South China Morning Post’s Toh Han Shih reports that British/Chinese-American corporate investigator couple Peter Humphrey and Yu Yingzeng, who were arrested last summer during a bribery investigation into their clients GlaxoSmithKline, will stand trial in Shanghai on July 29th.
Chinese prosecutors originally wanted to charge Humphrey and Yu with several offences, including some relating to illegal business operations.
But they decided to drop all of them except for one of illegally buying information, a source close to the family said.
Although each faced only one charge, they risked being jailed if found guilty, the source added.
Prosecutors had made Humphrey and Yu’s lawyers sign a non-disclosure agreement preventing them from revealing certain information to the couple, the source said. [Source]
News of the trial follows reports about a covert sex tape of GSK’s top China executive, which the pair had been hired to investigate. From Laurie Burkitt at The Wall Street Journal:
The British drug maker regarded the video—apparently shot without the executive’s knowledge—as a breach of security, the person said.
The executive in the video, Mark Reilly, directed the company to hire a Shanghai-based private investigation firm run by a British national and his Chinese-born wife to investigate the breach, the person said.
[…] Until this weekend’s disclosure about the video, it wasn’t clear whether ChinaWhys had been working for Glaxo when its owners were seized by authorities. The details of the video were reported by Britain’s Sunday Times newspaper.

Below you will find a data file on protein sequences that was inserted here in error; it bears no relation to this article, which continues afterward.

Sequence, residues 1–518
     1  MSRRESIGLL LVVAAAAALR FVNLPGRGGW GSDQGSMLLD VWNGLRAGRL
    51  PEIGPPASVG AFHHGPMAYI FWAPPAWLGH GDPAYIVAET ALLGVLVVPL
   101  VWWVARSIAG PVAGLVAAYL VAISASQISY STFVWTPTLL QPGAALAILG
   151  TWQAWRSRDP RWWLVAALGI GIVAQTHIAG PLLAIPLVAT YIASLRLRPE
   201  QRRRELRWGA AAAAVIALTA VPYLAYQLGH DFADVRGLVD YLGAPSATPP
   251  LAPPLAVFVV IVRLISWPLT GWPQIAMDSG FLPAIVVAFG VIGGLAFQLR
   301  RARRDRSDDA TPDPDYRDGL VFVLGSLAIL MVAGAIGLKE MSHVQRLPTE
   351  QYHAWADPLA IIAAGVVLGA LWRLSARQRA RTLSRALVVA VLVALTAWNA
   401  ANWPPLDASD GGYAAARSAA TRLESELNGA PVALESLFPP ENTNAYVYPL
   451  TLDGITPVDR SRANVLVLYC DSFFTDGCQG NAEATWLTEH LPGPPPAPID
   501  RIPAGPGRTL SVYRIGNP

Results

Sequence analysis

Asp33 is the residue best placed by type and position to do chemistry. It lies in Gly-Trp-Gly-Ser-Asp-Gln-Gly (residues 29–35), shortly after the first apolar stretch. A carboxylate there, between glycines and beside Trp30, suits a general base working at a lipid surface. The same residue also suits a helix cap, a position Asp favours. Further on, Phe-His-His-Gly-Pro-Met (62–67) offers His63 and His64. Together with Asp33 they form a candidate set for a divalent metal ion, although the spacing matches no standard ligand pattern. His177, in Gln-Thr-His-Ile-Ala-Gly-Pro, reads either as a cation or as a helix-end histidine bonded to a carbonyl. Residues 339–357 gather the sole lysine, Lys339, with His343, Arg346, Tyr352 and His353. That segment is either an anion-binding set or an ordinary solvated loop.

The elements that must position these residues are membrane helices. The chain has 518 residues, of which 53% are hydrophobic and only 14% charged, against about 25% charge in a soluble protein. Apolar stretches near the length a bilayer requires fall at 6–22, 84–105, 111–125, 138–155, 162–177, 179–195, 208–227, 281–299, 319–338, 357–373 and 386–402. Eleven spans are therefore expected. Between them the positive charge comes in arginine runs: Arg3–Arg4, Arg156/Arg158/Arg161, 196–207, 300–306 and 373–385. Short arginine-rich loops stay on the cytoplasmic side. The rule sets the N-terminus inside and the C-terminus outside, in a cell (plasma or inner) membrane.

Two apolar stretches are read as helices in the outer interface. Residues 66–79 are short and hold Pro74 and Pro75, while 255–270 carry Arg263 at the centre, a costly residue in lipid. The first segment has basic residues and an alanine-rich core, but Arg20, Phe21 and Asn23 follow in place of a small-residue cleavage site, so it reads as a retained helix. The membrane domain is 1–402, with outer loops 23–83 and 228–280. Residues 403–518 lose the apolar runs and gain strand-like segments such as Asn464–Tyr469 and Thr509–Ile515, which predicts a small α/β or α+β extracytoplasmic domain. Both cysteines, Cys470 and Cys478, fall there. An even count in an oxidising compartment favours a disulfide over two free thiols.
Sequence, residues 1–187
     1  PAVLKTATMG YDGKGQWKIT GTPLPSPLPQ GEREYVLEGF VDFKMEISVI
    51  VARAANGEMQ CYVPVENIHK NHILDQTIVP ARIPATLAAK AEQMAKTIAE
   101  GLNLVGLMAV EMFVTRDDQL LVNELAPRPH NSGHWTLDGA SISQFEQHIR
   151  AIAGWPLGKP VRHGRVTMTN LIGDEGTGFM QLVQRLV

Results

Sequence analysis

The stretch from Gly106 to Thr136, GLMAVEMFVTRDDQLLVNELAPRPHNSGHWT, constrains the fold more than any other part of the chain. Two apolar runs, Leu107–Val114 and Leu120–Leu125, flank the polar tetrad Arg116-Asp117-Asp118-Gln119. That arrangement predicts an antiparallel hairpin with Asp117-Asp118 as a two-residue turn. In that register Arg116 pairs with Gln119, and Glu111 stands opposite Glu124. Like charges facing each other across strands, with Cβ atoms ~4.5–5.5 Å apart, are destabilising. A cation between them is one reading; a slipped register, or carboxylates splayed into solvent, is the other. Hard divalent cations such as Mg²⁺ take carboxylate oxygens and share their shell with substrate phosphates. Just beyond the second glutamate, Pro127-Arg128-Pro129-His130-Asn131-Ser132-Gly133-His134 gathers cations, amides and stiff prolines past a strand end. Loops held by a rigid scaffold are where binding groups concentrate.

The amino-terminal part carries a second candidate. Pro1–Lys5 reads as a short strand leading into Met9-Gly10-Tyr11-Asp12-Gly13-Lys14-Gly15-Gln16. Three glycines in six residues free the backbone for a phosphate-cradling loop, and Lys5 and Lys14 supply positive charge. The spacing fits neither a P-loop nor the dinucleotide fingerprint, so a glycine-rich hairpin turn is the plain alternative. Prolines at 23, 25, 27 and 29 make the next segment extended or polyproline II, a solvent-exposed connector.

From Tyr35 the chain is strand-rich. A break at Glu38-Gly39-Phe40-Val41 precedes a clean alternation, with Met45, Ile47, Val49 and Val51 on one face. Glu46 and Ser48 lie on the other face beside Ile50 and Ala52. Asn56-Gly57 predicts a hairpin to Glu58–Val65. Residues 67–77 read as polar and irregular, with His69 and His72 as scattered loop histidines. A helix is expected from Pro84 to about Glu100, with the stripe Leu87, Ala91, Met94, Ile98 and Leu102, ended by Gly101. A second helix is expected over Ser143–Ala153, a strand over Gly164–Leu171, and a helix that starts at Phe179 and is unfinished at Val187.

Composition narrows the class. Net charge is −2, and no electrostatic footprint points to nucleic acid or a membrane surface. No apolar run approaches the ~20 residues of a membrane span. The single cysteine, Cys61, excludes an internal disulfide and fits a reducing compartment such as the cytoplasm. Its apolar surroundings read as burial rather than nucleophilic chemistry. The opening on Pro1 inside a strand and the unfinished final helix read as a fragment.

[…] Chinese law enforcement in May accused Mr. Reilly of ordering subordinates to commit bribery that generated billions of yuan in revenue for Glaxo’s China operations. Authorities alleged that Mr. Reilly, a Briton, ordered his sales team and other employees to bribe hospital doctors, health-care organizations and other parties on “a large scale” to boost drug sales in China. [Source]
Hannah Beech at TIME discussed the constant threat of surveillance in China and her own suspected experience of it in light of the tape’s unknown origins.
Surveillance — or the threat of surveillance — is a constant in China. As a journalist, I may be more interesting to the powers that be than some other foreigners here. But other expat friends who’ve been followed, hacked or otherwise tracked in China include diplomats, NGO staff and businesspeople. Also, artists and academics.
Sometimes, the scrutiny can yield helpful consequences. A diplomat in China remembers commenting to his wife in his then nearly empty apartment that they were out of toilet paper. A few minutes later, there was a knock on the door and a bearer of new rolls arrived.
In most instances, it is in no way reassuring to have your email auto-forwarding mysteriously activated or to be tailed by a black Audi while on assignment in the Chinese countryside. Nor are foreigners the only ones subject to such treatment. The days of communist neighborhood-committee grannies poking their noses into residents’ sex lives may be over, but it’s hard to feel completely private in China. Each Chinese citizen still has a dedicated personal file kept by local authorities. The contents are supposed to be secret but a friend who once gained accessed to hers found, among other things, an old high school paper and a copy of a letter from an ex-boyfriend. [Source]